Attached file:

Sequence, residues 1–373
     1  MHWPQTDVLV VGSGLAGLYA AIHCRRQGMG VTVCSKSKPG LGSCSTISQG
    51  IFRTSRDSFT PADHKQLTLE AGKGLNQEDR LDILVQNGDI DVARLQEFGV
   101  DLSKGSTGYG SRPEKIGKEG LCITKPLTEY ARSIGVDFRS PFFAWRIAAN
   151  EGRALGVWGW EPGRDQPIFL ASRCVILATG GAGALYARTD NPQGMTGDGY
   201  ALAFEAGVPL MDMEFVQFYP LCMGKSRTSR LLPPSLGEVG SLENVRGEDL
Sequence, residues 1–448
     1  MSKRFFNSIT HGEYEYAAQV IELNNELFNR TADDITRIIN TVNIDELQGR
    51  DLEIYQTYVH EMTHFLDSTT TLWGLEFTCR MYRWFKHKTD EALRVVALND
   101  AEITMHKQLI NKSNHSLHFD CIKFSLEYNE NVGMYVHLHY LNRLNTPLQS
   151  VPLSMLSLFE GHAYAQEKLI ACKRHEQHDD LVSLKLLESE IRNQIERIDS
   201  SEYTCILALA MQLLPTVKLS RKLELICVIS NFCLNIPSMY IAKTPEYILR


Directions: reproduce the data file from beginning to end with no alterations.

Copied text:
Sequence, residues 1–373
     1  MHWPQTDVLV VGSGLAGLYA AIHCRRQGMG VTVCSKSKPG LGSCSTISQG
    51  IFRTSRDSFT PADHKQLTLE AGKGLNQEDR LDILVQNGDI DVARLQEFGV
   101  DLSKGSTGYG SRPEKIGKEG LCITKPLTEY ARSIGVDFRS PFFAWRIAAN
   151  EGRALGVWGW EPGRDQPIFL ASRCVILATG GAGALYARTD NPQGMTGDGY
   201  ALAFEAGVPL MDMEFVQFYP LCMGKSRTSR LLPPSLGEVG SLENVRGEDL
Sequence, residues 1–448
     1  MSKRFFNSIT HGEYEYAAQV IELNNELFNR TADDITRIIN TVNIDELQGR
    51  DLEIYQTYVH EMTHFLDSTT TLWGLEFTCR MYRWFKHKTD EALRVVALND
   101  AEITMHKQLI NKSNHSLHFD CIKFSLEYNE NVGMYVHLHY LNRLNTPLQS
   151  VPLSMLSLFE GHAYAQEKLI ACKRHEQHDD LVSLKLLESE IRNQIERIDS
   201  SEYTCILALA MQLLPTVKLS RKLELICVIS NFCLNIPSMY IAKTPEYILR